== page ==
That’s right, I have finished reading Great Expectations, the very night before I have to leave for college. Hooray!!! (Come on, cheer with me! Or you can imagine a spirited cheer if you’re too embarrassed to be heard cheering out loud for no apparent reason.) If you’ve been following my blog (good for you!), you’ll see that many of the points I’m about to make have been mentioned in my Great Expectations Reflections posts, but I promise this will include new points as well. And it will be better! (Maybe.)
Alright, alright, I’ll stop all the parentheticals and start the review already. Great Expectations was more fun to read than I had originally anticipated. A large part of that was because of the writing. This is one of Dickens’ later books, which I know from reading the inside flap, and I would guess that Dickens’ acquired experience in writing was a great contribution to the style of this book. It was overall very clever, and that cleverness was by turns amusing, beautiful, and incredibly apt.
I first noticed this cleverness in the beginning of the book, where I often found myself laughing out loud. As the plot got underway, this same sort of cleverness worked itself into characters and descriptions and all sorts of other aspects of the story, so that everything seemed exceedingly well-painted and true to life. The beautiful comes in with some of the descriptions, like this one of the Thames River as the characters are rowing through it:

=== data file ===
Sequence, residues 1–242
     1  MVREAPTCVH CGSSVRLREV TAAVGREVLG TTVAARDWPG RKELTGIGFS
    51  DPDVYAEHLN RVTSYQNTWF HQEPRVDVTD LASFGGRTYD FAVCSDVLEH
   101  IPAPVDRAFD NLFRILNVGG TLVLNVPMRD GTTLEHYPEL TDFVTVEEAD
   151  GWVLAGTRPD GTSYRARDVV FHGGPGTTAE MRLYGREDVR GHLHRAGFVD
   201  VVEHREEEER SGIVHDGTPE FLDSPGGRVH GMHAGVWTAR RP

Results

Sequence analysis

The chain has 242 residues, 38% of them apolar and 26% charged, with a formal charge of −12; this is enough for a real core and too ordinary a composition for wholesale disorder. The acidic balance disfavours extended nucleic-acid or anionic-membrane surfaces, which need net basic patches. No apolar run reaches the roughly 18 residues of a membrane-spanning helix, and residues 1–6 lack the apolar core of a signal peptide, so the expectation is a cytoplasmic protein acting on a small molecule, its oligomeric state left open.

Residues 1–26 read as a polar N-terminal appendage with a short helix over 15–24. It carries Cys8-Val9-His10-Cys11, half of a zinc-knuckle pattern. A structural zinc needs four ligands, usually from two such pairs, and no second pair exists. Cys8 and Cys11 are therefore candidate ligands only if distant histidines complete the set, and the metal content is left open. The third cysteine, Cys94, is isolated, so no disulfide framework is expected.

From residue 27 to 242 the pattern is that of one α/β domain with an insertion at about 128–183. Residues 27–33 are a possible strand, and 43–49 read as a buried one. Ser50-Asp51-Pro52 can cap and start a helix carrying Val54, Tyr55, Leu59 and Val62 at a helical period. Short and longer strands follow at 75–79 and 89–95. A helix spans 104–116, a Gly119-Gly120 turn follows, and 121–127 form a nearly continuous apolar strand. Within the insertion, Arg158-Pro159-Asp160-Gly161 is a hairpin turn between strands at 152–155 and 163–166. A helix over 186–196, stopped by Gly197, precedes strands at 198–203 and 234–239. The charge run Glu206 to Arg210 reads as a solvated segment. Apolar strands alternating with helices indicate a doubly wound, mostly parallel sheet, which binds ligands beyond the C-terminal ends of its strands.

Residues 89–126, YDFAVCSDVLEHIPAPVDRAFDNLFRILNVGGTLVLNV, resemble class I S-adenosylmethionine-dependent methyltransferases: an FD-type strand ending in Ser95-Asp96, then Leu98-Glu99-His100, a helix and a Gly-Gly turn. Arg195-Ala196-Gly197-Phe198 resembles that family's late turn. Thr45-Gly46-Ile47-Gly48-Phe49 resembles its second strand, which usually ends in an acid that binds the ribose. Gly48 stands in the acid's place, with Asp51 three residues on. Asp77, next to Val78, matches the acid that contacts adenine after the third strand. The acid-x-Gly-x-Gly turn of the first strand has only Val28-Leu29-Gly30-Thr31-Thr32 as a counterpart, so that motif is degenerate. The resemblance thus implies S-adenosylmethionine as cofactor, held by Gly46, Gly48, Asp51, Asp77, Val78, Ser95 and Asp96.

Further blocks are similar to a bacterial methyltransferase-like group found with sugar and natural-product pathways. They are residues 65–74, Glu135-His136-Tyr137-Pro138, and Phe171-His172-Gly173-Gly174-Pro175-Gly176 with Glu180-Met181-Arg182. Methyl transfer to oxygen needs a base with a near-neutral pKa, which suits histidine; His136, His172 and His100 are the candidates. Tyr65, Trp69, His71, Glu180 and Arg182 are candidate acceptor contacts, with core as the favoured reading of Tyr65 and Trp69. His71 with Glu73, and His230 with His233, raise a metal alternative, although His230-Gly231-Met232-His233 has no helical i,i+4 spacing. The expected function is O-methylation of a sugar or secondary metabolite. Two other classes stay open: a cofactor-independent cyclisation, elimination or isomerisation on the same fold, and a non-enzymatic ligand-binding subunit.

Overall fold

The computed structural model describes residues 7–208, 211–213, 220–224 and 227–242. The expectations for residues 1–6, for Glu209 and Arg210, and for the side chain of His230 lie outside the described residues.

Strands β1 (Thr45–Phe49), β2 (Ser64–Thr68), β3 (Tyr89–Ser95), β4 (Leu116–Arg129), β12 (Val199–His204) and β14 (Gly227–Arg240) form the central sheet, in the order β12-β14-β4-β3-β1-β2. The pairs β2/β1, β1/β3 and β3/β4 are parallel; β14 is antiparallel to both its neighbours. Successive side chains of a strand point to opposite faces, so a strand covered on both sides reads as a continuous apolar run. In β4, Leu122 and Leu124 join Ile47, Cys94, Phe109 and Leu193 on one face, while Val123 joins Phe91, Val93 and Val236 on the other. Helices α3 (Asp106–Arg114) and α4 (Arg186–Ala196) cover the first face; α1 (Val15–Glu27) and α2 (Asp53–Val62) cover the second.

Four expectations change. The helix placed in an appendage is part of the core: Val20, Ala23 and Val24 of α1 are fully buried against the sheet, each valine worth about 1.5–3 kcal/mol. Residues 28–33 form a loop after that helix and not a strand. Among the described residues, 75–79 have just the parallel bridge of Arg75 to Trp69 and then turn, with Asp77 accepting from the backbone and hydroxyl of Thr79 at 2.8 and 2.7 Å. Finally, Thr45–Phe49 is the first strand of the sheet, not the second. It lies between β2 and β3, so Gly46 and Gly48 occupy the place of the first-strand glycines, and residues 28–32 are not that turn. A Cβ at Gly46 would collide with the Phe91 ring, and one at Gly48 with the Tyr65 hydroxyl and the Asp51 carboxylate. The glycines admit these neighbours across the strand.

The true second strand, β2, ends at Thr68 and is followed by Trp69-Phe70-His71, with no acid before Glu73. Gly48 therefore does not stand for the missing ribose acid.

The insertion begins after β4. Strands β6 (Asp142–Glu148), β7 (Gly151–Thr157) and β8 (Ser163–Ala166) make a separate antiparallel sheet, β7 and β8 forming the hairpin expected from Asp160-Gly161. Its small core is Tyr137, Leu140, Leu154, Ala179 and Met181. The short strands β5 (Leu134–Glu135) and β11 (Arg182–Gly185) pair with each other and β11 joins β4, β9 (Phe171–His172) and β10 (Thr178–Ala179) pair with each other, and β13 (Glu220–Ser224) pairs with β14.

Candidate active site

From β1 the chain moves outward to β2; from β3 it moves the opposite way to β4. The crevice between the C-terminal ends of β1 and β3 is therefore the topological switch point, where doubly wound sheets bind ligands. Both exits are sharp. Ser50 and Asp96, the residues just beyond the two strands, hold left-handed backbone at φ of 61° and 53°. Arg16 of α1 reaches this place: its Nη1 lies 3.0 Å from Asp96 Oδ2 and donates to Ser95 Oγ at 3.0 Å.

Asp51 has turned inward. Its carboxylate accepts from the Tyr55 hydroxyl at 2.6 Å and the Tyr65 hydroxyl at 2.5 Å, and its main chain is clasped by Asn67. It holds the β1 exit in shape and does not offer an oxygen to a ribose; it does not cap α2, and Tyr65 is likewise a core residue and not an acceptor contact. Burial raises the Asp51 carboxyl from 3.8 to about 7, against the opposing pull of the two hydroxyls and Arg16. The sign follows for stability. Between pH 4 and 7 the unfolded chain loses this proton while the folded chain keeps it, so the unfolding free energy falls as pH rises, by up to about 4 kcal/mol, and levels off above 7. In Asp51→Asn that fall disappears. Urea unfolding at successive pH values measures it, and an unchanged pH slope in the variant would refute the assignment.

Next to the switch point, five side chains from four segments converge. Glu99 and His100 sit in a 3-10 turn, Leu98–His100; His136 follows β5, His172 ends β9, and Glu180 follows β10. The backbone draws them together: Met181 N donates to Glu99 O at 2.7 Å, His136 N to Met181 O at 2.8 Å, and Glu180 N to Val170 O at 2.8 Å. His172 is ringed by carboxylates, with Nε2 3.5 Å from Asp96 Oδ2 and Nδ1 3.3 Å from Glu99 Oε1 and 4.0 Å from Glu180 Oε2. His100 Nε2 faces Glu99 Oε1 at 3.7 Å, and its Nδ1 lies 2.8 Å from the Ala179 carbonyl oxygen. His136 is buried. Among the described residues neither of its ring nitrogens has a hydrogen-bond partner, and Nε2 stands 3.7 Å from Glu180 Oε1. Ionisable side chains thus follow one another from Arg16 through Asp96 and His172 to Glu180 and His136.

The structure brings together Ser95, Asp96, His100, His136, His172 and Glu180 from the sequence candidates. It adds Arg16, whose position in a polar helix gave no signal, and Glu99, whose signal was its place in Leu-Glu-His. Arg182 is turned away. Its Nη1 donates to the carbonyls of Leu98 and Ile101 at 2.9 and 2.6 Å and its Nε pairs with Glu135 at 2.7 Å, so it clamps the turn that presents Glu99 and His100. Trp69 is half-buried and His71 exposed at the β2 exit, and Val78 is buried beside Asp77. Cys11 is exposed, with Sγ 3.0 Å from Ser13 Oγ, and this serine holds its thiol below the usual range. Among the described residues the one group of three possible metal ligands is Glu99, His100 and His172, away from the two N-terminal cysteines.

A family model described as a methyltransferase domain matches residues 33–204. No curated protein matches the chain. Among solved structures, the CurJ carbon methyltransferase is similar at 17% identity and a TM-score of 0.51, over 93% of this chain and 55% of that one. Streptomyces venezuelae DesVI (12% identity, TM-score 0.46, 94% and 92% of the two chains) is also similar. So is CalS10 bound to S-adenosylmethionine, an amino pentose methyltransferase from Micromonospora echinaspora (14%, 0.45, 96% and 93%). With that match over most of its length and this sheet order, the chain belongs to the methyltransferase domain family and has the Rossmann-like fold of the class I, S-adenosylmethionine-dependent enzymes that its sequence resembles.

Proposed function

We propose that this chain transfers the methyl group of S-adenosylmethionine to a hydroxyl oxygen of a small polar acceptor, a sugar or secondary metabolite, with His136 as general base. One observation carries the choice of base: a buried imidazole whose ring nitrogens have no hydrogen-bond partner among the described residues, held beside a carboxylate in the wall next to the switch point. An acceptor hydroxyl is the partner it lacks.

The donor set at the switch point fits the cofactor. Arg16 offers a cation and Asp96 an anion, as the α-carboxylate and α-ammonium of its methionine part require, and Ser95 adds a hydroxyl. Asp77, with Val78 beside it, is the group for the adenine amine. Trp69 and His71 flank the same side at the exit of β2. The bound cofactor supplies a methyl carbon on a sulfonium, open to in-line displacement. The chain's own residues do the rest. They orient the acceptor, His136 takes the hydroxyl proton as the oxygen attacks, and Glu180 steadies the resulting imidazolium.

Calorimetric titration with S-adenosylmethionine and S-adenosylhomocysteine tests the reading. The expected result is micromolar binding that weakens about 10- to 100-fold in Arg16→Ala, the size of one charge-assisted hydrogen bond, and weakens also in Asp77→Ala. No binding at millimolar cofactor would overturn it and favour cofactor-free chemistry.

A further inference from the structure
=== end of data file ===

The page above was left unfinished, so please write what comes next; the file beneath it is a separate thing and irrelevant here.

“The night was dark by this time… what light we had, seemed to come more from the river than the sky, as the oars in their dipping struck at a few reflected stars.”
Needless to say, I have great respect for Dickens’ writing abilities.
The plot was slow at times, especially in the middle, but it definitely had its moments. And when it had those moments, they were very exciting. Maybe they were even more so because I got used to the slower parts and was surprised when they abruptly changed. I also noticed, one night when I was looking for a place to stop in order to get some sleep, whenever I got to the end of a chapter or some other suitable place, there was some incident or plot point that made me say “just a little more” again and again. Although this feeling didn’t last throughout the book, it’s something that I love to see whenever I read. I think that most readers love that feeling of not wanting to put the book down and actively search out books like that.
I can not deny that I found myself actively engaged with this book. You know it, too, if you’ve read my rants about Estella or my chastisement of Pip or my musings on Miss Havisham in my reflections posts. I didn’t intend for any of those posts to be as long as they ended up being, I just set out to write a bit about what I was thinking and it all flowed out. I wasn’t always happy with the characters, I didn’t always like them, but I experienced a lot of feelings as I read, and often very strong opinions to go with them. That’s also something to look for in a good book. And if someone ever wants to talk to me about this book, I could quite easily, and probably at great length.